The Chutney That Starts Conversations

From the diary of a curious Bong

Rituparna Roy

Bengalis can be a curious lot especially when they sit down for a wedding meal. Very often you will find them probe the server about the next dish on the menu. And once the last item from the main course is served, you will hear them whisper: “chutney aache toh?” which translates to: is there chutney? The chutney in question here is the Tomato Aamshotto Khejurer Chutney, a Bengali favourite, and part of all celebratory meals including the bhog served during Durga Pujo. A tomato-based sweet chutney prepared with dates, dried mango chunks or aam papad and raisins in a delicate paanch phoron tempering, this one is always served at the end of a meal along with fried papad. It’s a combination only Bengalis can praise for hours. 

For the uninitiated, Bengalis prefer to eat their meal in courses. It begins with a fry or a dry vegetable dish followed by daal, fish curry and ends with something sweet. Typically, it is the tomato chutney, which acts as a palate cleanser. Interestingly, the same chutney is prepared with slight variations. On a regular day, the chutney in most homes will have dates and raisins or sometimes without the former. But, on special occasions, say a birthday meal or a home puja it will invariably have raisins, dates as well as aam papad. The sweet factor added by the dates and aamshotto depends on how grand the occasion is. The paanch phoron tempering offers the chutney a subtle flavour, which in some way balances the sweet and tart notes of the dates and dried mango chunks. Many recipes finish off with a sprinkle of bhaja moshla, an aromatic spice blend consisting of dry roasted cumin and red chillies.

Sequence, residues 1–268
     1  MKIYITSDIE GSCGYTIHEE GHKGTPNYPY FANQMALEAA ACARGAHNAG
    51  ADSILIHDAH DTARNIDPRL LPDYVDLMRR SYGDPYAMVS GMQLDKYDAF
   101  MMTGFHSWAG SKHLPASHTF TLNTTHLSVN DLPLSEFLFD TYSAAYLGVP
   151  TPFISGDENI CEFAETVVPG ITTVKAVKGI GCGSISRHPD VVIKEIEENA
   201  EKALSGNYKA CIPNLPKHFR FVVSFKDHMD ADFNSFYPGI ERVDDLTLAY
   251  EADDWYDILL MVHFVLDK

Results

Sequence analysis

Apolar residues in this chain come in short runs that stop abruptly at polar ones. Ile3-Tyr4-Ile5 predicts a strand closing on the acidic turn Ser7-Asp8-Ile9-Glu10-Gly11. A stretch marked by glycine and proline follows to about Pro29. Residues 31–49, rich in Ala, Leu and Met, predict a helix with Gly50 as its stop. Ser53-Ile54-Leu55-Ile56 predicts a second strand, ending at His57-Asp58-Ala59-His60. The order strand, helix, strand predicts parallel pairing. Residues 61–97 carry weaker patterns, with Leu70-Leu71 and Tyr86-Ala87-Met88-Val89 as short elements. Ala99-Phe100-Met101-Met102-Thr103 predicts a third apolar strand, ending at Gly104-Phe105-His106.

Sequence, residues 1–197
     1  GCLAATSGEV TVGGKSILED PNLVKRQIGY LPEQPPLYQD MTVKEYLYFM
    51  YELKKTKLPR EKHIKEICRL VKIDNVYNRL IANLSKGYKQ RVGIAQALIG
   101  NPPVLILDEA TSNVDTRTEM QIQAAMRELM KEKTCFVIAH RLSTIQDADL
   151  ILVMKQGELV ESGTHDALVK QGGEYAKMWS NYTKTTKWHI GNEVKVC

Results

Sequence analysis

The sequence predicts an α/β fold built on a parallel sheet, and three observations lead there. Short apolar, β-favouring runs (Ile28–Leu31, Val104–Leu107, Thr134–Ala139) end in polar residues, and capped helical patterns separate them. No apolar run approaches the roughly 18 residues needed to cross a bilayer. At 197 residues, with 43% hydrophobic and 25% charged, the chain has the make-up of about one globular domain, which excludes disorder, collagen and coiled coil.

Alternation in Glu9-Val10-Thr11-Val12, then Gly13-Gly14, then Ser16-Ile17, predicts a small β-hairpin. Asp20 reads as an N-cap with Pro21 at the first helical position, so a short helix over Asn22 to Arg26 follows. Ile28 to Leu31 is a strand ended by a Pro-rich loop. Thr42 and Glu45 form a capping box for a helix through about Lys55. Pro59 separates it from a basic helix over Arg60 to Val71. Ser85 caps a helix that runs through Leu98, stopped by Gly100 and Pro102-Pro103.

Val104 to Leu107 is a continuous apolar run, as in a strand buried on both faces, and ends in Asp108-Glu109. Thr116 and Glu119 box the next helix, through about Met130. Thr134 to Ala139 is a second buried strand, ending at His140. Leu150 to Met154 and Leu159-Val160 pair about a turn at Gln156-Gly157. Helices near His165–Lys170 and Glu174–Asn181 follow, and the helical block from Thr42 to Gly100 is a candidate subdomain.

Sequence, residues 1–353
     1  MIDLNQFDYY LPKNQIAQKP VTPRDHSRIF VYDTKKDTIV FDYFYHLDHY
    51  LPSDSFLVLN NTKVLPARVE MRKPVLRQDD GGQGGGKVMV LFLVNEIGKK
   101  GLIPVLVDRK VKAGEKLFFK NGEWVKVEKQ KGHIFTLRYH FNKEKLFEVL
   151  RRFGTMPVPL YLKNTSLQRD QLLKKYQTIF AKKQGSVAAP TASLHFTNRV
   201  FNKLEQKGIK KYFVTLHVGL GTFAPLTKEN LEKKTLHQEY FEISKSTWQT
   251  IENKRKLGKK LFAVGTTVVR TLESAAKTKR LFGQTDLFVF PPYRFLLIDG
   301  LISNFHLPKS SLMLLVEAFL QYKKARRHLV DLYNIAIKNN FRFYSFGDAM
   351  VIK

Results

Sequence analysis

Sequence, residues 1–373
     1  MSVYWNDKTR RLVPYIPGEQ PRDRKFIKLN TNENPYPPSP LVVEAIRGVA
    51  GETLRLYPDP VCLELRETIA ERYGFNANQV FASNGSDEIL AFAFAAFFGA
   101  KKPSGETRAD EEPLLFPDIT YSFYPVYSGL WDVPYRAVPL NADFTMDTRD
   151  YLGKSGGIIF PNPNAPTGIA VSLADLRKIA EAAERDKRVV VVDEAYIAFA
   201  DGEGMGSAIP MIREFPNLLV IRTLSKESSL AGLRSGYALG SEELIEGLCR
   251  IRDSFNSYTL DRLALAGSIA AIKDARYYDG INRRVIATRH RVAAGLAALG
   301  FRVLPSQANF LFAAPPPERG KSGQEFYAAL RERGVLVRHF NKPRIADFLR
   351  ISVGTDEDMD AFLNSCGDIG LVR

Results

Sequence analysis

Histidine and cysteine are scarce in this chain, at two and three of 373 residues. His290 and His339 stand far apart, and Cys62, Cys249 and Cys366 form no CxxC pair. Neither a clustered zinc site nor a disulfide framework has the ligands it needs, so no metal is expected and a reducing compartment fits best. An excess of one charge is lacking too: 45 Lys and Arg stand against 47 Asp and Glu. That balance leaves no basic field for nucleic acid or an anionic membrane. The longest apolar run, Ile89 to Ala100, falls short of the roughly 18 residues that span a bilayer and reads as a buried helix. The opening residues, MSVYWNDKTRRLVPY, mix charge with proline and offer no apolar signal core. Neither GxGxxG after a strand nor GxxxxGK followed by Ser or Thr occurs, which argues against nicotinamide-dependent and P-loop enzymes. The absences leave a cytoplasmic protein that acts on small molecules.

Recipe for Tomato Aamshotto Khejurer Chutney


4 ripe tomotoes, chopped

1 tsp paanch phoron 

1/2 cup sugar

10 - 12 dates, de-seeded and soaked in water

1/2 cup aamshotto or sweet mango papad, sliced into small pieces

A few raisins, soaked in water

A pinch of salt

A pinch of turmeric powder

2 tbsp oil

1 tsp bhaja moshla* (optional)

*To make this, dry roast red chillies and cumin and then grind into powder.


1. Heat some oil in a wok and add the paanch phoron. Let it splutter.

2. Add the chopped tomatoes at this point. Put the turmeric powder and salt and cover it with a lid.

3. Once the tomatoes have softened, add the sugar.

4. Once the water has evaporated and the tomatoes have thickened in texture, add the dates, aamshotto and raisins.

5. Mix well. Now sprinkle the bhaja moshla and turn off the gas.

6. Serve once it has cooled down completely.

Picture Courtesy: Rituparna Roy


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